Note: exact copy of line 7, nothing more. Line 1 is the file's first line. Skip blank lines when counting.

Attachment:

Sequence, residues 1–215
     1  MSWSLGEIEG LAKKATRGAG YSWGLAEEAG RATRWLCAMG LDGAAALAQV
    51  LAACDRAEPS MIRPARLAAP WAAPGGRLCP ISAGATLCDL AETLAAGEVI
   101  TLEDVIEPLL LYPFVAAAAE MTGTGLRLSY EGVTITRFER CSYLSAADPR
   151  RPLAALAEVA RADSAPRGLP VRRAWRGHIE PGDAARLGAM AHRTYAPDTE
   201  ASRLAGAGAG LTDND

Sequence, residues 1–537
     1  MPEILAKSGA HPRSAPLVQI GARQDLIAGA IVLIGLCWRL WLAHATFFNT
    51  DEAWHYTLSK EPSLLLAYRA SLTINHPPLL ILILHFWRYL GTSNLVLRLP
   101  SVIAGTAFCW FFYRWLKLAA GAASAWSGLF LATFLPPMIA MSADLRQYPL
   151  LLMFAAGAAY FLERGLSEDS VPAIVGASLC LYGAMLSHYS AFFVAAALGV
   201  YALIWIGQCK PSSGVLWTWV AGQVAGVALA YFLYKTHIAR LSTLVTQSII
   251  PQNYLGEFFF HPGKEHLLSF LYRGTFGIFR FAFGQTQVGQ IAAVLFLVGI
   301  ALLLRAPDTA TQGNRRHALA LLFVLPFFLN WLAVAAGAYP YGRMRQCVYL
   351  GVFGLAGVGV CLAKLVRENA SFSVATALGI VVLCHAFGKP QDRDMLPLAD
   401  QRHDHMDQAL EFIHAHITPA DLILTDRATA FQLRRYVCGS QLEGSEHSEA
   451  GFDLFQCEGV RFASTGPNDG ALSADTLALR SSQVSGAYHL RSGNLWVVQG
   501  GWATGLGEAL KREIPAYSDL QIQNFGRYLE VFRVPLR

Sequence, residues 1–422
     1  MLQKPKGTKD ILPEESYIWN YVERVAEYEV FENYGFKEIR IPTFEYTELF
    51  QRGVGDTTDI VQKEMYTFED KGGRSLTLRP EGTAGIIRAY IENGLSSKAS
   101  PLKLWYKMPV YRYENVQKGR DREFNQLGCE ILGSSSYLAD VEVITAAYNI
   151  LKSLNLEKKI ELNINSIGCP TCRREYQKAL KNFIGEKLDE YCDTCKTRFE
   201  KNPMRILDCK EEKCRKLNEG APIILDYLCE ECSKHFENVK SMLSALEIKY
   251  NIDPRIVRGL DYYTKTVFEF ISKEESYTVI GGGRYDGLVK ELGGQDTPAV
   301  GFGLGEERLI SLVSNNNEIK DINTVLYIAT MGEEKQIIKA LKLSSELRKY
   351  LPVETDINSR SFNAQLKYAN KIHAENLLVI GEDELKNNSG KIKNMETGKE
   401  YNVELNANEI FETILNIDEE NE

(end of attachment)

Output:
Sequence, residues 1–537